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Re: [AV Media Matters] Say Goodbye to Floppies

mwcpc6@aol.com wrote:
> In a message dated 02/08/2003 9:55:22 PM Eastern Standard Time,
> jeffkreines@mindspring.com writes:
> >
> >  >I also use an Iomega Zip at 100 MB and a Castlewood Orb at 2.2 GB.
> I
> >  >use the
> >  >Zip for images and the Orb for backup.
> >
> >  Given how cheap other media are, I use CD-R for portability
> >  than
> >  a floppy) and another hard drive for backup (so fast and simple).
> >  don't trust Zip, Jaz, or Orb...
> Right now I am working with a four hour audio program and wish
> used
> DVDs.  However it is a lot easier to drag a 10K file to drive A than
> burn
> it onto a CD-R.
> I think there is a need for a low capacity transfer medium, just as
> there is
> for paper notepads.  I have hundreds of floppies stored with AV
> materials
> containing small text files with documentation so it will be available
> without retyping years from now if I need it.  Floppies are also used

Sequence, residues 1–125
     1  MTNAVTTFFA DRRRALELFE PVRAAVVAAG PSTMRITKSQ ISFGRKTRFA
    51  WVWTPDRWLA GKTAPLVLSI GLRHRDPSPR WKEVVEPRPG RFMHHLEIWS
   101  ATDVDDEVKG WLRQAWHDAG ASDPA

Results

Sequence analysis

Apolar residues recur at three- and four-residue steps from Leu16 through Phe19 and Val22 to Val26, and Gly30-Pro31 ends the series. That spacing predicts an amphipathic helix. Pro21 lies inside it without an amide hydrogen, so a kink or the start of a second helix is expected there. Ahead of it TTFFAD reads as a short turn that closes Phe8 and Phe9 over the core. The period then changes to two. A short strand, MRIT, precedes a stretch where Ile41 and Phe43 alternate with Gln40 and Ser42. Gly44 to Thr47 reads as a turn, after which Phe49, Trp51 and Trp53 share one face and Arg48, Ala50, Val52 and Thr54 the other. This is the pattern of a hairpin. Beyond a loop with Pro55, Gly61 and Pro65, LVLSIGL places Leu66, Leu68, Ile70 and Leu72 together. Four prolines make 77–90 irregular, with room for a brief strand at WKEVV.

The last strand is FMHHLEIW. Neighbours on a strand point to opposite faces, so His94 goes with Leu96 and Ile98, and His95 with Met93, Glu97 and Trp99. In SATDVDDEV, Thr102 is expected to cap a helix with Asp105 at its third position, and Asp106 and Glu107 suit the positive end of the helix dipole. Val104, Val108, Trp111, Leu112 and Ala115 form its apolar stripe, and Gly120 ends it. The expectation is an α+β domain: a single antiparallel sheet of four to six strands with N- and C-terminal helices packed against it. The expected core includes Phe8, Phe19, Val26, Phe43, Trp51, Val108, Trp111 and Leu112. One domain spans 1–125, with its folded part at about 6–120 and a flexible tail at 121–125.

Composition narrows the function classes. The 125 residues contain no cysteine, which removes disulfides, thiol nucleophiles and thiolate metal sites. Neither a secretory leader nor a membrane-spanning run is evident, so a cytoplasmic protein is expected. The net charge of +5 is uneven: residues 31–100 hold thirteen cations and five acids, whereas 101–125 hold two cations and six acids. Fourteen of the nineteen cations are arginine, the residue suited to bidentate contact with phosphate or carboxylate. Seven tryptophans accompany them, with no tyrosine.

> for
> small programs and batch files relevant to individual projects, stored
> in
> file folders and notebooks.  I will need a computer with a floppy
> for
> the foreseeable future.
> I've already been through this with 5-1/2" discs and it is an ongoing
> problem
> with them now.  It seems that the only way to retain information for
> extended time is to print it out and hope to always have available a
> good
> scanner and OCR program.
> The CD, being a consumer distribution medium, has some longevity for
> same
> reason as the 78 rpm record, 16 mm film, LP, and VHS tape. However for
> each
> generation the lifetime seems to get shorter.
> What is the best bet on the next medium and format that will stay
> current
> long enough to be used for long term storage?
> Mike Csontos

78 rpm turntables, VHS recorders, and floppy discs drives are still
available because of the very large installed base. I would expect the
same to be true for CD-ROM. There is an ongoing struggle over various
incompatible DVD recordable/rewritable formats, and it would be wise to
await the outcome in this area.

Long term storage cannot be achieved by put-and-forget. Tape, and
possibly film, should regularly be retensioned. Recorded information
should be periodically tested to confirm the absence of degradation, and
information must be transferred if significant degradation is detected.
Estimates have suggested that mass storage technologies have a 20 year
life cycle, therefore it may be necessary to transfer archival material
to newer formats over that time span, even though the information has
not degraded during storage.

Media Sciences, Inc.

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